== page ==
Where do I go to look up historical information about Arizona ghost towns?
Specifics: Looking for info on Bond Canyon, history of Alto Camp, folks who lived in the area, schools, Alto Cemetery, and Josiah and Minnie Bond. Minnie was killed by lightning on 9/1/22. Her husband, Josiah was a mine egineer. Also looking for info on the Alto Camp Post Office and General Store that was supposedly owned by Josiah and Minnie. Any offspring of them would be nice to find.
- sascoazLv 61 decade agoFavorite Answer
I have done some historical research on other mining activities in that area and can give you a few places to look for more details:
The mining camp of Alto was located in Santa Cruz county on the southwest slope of the Santa Rita Mountains south of Tucson. Just to the south was the larger and better known mining camp of Salero, so you may want to look for info on Salero as well. The entire area was considered part of the Tyndall Mining District. The district was worked back in the Spanish period (1700s) and was a small producer of lead, gold, and silver until the 1960s.
There are several good books on Arizona ghost towns including Phil Varney's "Arizona Ghost Towns and Mining Camps" and James Sherman's "Ghost Towns of Arizona". The entry for Alto on the website that another poster lists above is pretty much copied exactly from Varney's book (with out giving credit, I might add). As you can read, it only gives a brief background on the camp.
The most detailed account of the mining activities in that area is in the book "History of Mining in Arizona, Vol 3" (various authors). In Chapter 3, "The Patagonia Area Mining Districts, Santa Cruz County, Arizona, 1536-1930", Robert Lenon gives a detailed description of the various mining companies and owners. He specifically mentions Josiah Bond as well as George Clark, Jens Peterson, Albert Steinfeld, Mark Lulley, Mike Hogan and Herb McCutchin as operating mines in the area after 1911. It refers to an 'Alto Mines Co.' that combined the 'Alto' and 'Wandering Jew' mine claims (Lulley referred to himself as the 'wandering jew').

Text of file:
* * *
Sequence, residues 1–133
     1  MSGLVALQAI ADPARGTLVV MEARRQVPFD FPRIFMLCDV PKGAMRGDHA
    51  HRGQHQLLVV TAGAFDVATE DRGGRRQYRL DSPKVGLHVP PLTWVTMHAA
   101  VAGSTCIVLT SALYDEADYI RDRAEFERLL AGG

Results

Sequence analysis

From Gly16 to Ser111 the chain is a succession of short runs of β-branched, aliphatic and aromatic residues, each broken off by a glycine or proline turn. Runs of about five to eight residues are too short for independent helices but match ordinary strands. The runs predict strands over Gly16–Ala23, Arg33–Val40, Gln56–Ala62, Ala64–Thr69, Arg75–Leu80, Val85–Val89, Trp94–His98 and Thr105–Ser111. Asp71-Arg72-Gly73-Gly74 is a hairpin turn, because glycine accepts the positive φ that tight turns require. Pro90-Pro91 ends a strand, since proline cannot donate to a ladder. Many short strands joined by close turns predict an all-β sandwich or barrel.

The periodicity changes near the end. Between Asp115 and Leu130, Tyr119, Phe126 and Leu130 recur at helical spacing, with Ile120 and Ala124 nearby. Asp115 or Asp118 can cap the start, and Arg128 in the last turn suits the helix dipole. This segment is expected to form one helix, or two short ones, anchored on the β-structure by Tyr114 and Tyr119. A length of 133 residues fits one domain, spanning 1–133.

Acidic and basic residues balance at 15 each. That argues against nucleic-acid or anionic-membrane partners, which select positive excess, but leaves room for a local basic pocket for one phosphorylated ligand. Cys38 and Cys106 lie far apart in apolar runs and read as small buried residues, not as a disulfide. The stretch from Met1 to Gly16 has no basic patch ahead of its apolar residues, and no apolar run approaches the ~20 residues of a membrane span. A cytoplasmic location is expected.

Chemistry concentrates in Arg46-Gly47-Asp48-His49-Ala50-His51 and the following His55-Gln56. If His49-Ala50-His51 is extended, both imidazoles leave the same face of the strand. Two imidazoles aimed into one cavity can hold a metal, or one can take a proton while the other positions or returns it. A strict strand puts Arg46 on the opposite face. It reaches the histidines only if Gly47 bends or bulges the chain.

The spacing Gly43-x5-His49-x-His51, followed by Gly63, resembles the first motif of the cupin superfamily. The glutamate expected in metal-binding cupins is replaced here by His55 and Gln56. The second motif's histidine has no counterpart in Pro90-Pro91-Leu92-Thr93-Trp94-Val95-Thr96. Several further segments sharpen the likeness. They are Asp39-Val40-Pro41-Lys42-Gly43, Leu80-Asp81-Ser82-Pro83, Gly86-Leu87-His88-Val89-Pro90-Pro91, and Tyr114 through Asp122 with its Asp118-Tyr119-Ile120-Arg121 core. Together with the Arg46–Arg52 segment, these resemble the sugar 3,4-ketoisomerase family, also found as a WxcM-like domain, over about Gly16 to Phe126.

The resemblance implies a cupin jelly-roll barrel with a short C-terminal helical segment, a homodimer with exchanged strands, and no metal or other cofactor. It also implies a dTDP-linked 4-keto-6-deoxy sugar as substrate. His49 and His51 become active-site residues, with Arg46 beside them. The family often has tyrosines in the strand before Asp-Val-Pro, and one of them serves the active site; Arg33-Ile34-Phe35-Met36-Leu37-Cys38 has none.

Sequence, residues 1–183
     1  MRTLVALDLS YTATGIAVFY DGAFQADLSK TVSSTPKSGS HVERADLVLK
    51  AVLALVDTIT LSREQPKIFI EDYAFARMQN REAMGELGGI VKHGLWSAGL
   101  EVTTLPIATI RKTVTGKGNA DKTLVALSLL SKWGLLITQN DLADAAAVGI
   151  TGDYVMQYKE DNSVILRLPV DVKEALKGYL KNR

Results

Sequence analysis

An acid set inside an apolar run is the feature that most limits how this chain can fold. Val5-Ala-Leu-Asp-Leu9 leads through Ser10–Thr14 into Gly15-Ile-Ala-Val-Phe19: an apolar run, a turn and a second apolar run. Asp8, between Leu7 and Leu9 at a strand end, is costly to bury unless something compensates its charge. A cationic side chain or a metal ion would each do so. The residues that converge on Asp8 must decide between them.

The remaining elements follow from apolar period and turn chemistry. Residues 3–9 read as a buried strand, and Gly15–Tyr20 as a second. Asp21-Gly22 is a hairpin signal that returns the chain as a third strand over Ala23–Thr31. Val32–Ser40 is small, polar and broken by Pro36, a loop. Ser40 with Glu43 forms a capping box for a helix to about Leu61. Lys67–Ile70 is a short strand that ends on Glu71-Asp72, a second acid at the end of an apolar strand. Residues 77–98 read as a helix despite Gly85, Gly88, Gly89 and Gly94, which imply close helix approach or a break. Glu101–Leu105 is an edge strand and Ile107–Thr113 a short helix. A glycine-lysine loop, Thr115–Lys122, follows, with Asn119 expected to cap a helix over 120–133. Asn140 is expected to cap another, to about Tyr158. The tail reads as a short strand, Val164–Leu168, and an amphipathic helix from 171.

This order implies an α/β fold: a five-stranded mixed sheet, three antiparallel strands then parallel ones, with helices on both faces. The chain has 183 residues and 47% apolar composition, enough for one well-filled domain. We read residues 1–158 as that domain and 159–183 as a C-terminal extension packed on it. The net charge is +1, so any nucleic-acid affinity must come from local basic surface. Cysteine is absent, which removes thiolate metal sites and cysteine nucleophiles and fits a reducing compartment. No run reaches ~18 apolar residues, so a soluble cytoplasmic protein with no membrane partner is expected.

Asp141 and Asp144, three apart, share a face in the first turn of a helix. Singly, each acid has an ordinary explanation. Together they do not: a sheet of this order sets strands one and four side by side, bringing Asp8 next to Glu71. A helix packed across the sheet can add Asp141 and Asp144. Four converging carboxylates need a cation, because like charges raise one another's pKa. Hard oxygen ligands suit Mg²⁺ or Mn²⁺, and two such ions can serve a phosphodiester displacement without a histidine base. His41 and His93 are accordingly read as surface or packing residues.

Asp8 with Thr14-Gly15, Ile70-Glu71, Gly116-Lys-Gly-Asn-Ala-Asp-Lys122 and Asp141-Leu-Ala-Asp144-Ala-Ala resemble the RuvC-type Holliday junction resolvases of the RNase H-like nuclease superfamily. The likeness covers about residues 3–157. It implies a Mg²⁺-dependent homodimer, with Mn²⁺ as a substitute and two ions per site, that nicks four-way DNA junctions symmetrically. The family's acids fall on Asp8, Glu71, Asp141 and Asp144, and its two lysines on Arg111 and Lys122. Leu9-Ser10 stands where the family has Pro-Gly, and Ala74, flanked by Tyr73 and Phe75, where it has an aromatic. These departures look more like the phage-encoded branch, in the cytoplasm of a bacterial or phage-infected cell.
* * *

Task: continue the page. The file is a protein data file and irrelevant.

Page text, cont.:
Another good resource is the booklet, "Index of Mining Properties in Santa Cruz County, Arizona" by the Arizona Bureau of Mines. For the Alto Mine Group, it also lists Bond as an owner and notes that the mine produced 3,500 tons of ore averaging 12% lead, 14oz silver per ton and 3% copper in an ore body of quartz-barite fissure veins running through Creataceous rhyodacite and Jurassic granite. Despite its long life-span, the mine was a usually a comparative small-time operation.
The book "Arizona Post Offices" by Patera and Gallagher notes that the Alto post office was established on June 6, 1912 and discontinued on Dec 30, 1933.
Depending on how much detail you want, here are some other sources of info you should check:
Arizona Historical Society Archives (Tucson, near UofA) - Many people and companies donated their papers and records there.
University of Arizona Library, Special Collections - Also a good source of documents and records. I seem to recall at least one collect there that had a lot of info on the nearby Aztec mines group.
United States Census - If they lived there at a decade mark (1910, 1920) than you should be able to find them listed in the census. This would give their age, income, occupation and other useful information. These can usually be found on microfiche at major libraries.
Local Newspapers - The Arizona Historical Society has archives of many old AZ papers. The Tucson papers (Citizen and Star) often carried mining news and probably would have noted somebody being killed by lightening.
Arizona Department of Mines and Mineral Resources (Phoenix) - They usually keep a folder with a lot of good ownership and operations information on each major mining claim in AZ.
Arizona Corporation Commission (Phoenix) - If they incorporated a company in Arizona (especially after statehood in 1912) than there is a good chance that the company papers would still be on file (including owners and funding).
The people at the Arizona Historical Society or Arizona Department of Mines and Mineral Resources could probably give you other leads.Source(s): Arizona resident and historian. Have visited the site of Alto camp. Arizona Historical Society: http://www.arizonahistoricalsociety.org/ Arizona Department of Mines and Mineral Resources: http://www.admmr.state.az.us/
- trivia buffLv 51 decade ago
Your best bet is go to www.ask.com....then type in Arizona Ghost town...or specifics like Alto Camp, Josiah and Minnie Bond, etc. Good Luck!!
- moshierLv 44 years ago
If all you study about the abode or resources is third hand information (no longer saying that it is not good records) then flow in with a sparkling head and relax. do no longer concentration on the aspect that the position is haunted. flow into the adventure that it is not. in the adventure that your customer will enable it, take a digicam with you and basically take ramdom pictures interior the abode. be particular and ask first. some human beings ought to compared to pictures finished of the interior of their abode. in case you listen a noise that sounds out of position, flow seek for the reason. similar element in case you spot something that would not look properly. you'd be stunned what number belongings you'd be able to debunk as organic.